This music might be what A Toronto Symphony actually feels like. It might start with these chords and with this shape. So I’d love to hear if you think this feels like the beginning of a symphony, or if we might change it in some way. And I would definitely love it if you would send chords that you like that maybe my chords suggest to you, you might want to add chords to my chords, you might even want to take the audio recording of the chords or the music we made and jam on top of them. You can sing on top of it, you can play instruments on top of it, or you can use it to write out music that might go along with it.
So that’s my challenge to you now. Here’s this Launch Music. Tell me what you think of it, change it, add something to it, and let’s start working together to shape the opening of this piece based on this music. Can’t wait to see what you come up with!
UPDATE: Here at last is the edited video from the ideacity 2012 presentation, with a performance of the Launch Music exercise by members of the Toronto Symphony:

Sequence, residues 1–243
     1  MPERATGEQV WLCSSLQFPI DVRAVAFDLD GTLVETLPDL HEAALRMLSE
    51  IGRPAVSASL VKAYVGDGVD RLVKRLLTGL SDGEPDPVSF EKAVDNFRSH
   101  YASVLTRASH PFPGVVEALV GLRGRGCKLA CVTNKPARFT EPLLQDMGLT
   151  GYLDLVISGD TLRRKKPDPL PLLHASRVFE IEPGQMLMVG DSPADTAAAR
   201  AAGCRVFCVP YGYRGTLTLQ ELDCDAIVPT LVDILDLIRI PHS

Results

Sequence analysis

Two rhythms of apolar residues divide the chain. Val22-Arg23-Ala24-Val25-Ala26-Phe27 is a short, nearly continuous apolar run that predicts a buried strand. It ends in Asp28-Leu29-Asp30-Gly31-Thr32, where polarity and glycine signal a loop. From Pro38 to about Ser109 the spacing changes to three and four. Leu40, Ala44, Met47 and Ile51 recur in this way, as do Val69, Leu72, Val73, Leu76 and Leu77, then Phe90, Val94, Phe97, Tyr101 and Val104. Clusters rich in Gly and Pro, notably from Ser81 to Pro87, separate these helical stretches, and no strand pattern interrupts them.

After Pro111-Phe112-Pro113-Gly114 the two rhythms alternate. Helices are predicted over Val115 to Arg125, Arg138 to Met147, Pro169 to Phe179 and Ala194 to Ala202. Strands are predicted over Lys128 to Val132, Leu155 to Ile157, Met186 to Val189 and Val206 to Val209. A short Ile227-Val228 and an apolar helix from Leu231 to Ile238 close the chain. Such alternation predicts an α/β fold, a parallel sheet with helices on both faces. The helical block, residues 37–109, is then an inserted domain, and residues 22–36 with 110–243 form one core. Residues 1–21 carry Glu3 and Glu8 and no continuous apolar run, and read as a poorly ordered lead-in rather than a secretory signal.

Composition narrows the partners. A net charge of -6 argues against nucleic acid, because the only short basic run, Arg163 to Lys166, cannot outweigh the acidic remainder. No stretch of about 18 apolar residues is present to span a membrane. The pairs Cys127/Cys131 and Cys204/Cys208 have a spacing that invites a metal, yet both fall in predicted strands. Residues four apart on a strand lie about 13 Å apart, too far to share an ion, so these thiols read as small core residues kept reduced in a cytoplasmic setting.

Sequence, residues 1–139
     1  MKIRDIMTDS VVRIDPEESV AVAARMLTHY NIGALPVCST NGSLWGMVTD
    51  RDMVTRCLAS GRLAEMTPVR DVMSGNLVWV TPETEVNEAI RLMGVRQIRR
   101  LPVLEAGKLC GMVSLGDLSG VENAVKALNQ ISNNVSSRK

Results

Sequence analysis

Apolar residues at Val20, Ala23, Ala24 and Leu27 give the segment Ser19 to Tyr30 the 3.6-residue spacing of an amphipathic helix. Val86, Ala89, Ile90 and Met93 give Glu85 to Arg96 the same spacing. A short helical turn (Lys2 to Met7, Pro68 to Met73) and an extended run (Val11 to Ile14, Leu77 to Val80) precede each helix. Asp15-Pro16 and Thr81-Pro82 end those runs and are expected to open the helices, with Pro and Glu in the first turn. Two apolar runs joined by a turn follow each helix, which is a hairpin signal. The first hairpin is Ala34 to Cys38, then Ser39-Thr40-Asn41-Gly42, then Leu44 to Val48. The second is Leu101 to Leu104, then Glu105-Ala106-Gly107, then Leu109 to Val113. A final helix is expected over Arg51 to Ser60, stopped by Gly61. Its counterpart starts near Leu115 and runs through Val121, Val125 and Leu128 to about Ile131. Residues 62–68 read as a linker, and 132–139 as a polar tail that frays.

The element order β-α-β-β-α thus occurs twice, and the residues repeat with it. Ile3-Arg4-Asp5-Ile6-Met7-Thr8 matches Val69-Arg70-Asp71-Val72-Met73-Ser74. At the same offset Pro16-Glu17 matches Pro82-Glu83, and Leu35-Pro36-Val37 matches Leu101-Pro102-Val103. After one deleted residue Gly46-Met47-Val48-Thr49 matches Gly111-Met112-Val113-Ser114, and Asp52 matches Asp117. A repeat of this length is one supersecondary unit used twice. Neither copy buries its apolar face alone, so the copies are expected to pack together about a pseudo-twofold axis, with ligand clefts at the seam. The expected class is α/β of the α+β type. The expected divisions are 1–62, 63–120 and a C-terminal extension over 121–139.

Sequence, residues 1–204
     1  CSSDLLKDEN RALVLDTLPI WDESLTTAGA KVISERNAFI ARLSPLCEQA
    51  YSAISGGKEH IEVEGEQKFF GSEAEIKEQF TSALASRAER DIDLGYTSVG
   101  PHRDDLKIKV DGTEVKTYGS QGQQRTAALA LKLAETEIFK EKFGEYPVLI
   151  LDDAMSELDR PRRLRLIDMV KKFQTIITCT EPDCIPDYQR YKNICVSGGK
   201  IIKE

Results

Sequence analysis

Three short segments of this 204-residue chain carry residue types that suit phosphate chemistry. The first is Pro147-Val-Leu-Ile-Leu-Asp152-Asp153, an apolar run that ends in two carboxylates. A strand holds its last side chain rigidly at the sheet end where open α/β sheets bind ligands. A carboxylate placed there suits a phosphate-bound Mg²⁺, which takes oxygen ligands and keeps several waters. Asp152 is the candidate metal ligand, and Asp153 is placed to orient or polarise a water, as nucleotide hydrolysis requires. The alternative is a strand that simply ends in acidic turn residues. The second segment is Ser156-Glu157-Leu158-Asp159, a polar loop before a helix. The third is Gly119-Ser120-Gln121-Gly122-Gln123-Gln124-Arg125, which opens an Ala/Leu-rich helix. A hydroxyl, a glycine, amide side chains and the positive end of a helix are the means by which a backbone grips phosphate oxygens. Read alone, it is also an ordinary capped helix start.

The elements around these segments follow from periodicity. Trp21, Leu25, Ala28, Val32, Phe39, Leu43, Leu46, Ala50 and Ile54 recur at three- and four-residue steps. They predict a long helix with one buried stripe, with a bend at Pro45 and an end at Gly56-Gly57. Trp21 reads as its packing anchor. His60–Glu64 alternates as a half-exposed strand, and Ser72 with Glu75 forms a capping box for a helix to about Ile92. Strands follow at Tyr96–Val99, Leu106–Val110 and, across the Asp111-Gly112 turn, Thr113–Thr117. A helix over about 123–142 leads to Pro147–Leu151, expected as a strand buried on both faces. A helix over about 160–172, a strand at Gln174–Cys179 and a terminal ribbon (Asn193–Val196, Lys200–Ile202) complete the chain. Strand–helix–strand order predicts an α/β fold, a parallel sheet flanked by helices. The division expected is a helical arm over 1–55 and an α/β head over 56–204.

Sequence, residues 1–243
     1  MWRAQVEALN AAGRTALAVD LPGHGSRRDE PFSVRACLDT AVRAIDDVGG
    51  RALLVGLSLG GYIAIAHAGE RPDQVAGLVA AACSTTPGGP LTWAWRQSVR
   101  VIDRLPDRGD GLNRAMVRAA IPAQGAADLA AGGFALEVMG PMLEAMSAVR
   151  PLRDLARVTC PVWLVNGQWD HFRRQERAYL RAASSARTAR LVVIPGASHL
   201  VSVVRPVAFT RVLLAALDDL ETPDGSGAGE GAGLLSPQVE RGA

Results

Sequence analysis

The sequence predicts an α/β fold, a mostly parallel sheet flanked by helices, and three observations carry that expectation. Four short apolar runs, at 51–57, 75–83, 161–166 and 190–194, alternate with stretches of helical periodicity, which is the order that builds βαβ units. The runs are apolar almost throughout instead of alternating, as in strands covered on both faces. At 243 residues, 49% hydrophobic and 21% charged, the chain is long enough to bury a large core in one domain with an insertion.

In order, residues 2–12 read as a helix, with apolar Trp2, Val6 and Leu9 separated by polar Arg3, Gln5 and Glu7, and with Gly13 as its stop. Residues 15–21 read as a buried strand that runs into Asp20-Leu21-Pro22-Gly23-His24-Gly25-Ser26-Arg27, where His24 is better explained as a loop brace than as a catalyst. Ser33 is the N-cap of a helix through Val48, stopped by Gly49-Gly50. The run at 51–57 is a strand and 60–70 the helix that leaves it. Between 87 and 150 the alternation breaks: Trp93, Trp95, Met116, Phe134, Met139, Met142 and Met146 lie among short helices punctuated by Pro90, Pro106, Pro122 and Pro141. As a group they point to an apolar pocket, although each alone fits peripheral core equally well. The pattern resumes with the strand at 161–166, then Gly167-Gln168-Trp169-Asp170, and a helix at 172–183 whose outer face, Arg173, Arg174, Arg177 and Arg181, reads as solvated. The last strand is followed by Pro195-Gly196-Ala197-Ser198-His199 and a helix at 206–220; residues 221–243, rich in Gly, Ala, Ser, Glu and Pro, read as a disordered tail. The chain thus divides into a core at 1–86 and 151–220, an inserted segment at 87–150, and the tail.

With chords in hand, I contacted Jeff Beecher, bass player in the Toronto Symphony Orchestra and co-chair of the musician’s committee, to see if he and some of his colleagues would be interested in working with this initial chord progression for our first collaboration. Jeff was willing, found eight other players who also wanted to participate (2 violins, viola, cello, Jeff on bass, bassoon, french horn and clarinet), and we were off.
Tod and TSO players at ideacity
I sent them the chord progression and asked if they would augment and modify what I had written, by adding new chords, writing melodies to my chords, and/or proposing sounds suggested by my chords. All eight of them got back to me within a few days with a wealth of remarkable music including quirky melodies, jaunty and sometimes jagged rhythms, and some quite unusual sounds. It was a very pleasant surprise that they responded, and even a better surprise that what they send back was so interesting and so unexpected. Continue reading →